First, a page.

The future of the Dorchester County YMCA is up for discussion, as the Board of Directors considers relocating the facility to Cambridge Harbor. The proposal has met with mixed reactions from the community, with some calling for the existing facility to be upgraded, while others believe the move is necessary to accommodate the changing needs of the community.
At a recent CAN meeting, YMCA officials presented plans for a new 70,000 square foot facility at Cambridge Harbor, which would include a six-lane heated pool, an indoor walking track, double the gym space, and additional space for programs. The proposed facility would be located on the waterfront and is projected to serve 7,800 individuals, citing similarities to the new Kent County facility that has grown its membership to 6,200. The cost of the new facility is estimated to be between $22-25 million.
However, concerns have been raised about the proposed move. Some members of the African American community have indicated they are not comfortable utilizing the current site because of the past use of the school as a segregated white high school. While staff members have acknowledged that there have been African American individuals who voiced this discomfort to them privately, members of the audience indicated substantial African American participation in many programs and the overall use of the YMCA. Staff members also noted that the existing site lacks space for the walking track, warm water pool, and larger enhanced multi-purpose spaces.
Additionally, questions were raised about the loss of tax revenue at Cambridge Harbor if non-profits locate at the site, as well as the impact on traffic and bike access. YMCA officials indicated that the move is necessary to accommodate the changing needs of the community and that the proposed location at Cambridge Harbor is a neutral area for folks to come together, away from the segregated past of the old high school location and provide more equitable access to the waterfront.
The YMCA of the Chesapeake serves 45,000 members, with ten facilities on the Eastern Shore of Maryland, as well as one location in Chincoteague, Virginia. Prior to the pandemic, the YMCA was looking at options to upgrade and improve the existing Talbot Avenue facility, which would likely have cost $6 million. However, the pandemic highlighted the need to better understand the needs of the community, particularly in the area of swimming/water safety for kids and adults.
The Dorchester YMCA would like to add capacity for other programs for kids and teens, but are constrained by the current space, which limits the ability to add certain programs. The YMCA would also like to focus on other chronic disease prevention and memory assistance programs for adults. While the current YMCA location (40,000 sq ft) serves 3,100 members, the proposed new facility would be located at Cambridge Harbor and would likely serve 7,800 individuals.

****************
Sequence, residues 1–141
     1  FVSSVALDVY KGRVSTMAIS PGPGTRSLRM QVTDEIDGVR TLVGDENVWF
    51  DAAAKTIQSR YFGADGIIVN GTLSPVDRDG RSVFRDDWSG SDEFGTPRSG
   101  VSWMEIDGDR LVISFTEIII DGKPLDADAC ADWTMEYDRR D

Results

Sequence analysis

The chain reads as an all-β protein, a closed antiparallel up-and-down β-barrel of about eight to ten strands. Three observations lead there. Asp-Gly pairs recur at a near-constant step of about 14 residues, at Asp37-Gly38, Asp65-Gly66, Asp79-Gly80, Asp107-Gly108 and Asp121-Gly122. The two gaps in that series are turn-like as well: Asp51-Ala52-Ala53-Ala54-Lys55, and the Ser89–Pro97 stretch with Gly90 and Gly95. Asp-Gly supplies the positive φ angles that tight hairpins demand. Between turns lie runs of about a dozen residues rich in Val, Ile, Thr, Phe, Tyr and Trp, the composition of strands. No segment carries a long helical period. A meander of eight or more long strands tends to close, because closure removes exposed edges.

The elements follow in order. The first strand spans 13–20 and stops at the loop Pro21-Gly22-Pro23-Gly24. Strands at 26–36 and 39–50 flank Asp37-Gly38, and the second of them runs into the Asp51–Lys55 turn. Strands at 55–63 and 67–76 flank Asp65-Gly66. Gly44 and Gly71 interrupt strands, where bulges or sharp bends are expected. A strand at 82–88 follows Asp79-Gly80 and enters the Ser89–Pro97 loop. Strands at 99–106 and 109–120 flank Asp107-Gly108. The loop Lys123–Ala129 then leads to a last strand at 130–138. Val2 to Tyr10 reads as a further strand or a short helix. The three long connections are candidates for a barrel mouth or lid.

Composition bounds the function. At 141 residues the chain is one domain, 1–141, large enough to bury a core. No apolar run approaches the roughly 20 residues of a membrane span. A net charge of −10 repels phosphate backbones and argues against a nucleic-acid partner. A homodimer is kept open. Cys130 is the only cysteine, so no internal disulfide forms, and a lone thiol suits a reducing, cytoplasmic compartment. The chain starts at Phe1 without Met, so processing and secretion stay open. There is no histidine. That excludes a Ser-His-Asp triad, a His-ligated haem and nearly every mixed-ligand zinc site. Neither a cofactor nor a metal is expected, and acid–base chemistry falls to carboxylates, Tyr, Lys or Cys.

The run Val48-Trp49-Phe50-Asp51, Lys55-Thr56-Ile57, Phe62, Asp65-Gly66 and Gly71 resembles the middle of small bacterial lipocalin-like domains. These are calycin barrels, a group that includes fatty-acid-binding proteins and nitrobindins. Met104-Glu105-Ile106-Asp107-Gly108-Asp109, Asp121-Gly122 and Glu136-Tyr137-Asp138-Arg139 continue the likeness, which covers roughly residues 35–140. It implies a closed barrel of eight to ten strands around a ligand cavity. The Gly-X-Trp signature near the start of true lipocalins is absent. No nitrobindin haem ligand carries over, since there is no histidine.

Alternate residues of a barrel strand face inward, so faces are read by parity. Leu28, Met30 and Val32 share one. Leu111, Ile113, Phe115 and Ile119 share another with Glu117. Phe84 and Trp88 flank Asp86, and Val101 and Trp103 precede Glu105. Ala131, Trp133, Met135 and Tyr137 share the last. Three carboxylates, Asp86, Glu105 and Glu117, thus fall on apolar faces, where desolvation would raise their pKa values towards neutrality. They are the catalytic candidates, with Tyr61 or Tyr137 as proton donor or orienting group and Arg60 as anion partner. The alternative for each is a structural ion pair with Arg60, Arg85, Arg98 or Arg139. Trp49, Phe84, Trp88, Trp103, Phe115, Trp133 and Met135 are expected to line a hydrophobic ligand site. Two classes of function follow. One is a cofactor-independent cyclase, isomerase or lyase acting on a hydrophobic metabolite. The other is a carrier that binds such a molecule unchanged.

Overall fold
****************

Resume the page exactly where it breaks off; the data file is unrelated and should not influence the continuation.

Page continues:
Next steps for the YMCA are to determine if the funding required for the project can be raised. The footprint of a new YMCA would be approximately 1.4 acres and CWDI is supportive of the move to Cambridge Harbor. YMCA officials have stated that the current location would remain open during the construction period of a new facility, and that they would work collectively with the City and local residents to determine what might happen with the existing property.
While the proposal is still in the exploratory phase, it has generated significant interest and discussion in the community. Some have voiced support for upgrading the existing facility on the existing site, while others believe that the move is necessary to accommodate the changing needs of the community. As the discussion continues, it remains to be seen what the future holds for the Dorchester County YMCA.
Letters to Editor
William Weis says
In my opinion this location is to totally inappropriate. The waterfront offers much more for the growth of Cambridge as a tourist destination.. The YMCA is an asset to any and every community, but it should be located in an area accessible to the community members and not located on prime real estate.
Eva M. Smorzaniuk MD says
I would encourage readers to go to the website of CWDI and read about the vision for the waterfront and the community of Cambridge. This project will allow for residential, commercial, and public spaces that will showcase the unique historical and natural resources of Cambridge. It will be a place for locals to live, work, recreate, and gather. It will be an attractor to tourists for its beautiful waterfront setting and rich history, as well as hotels, eateries, and shops. In other words, a vibrant community rather than a Disney-like enclave for tourists only.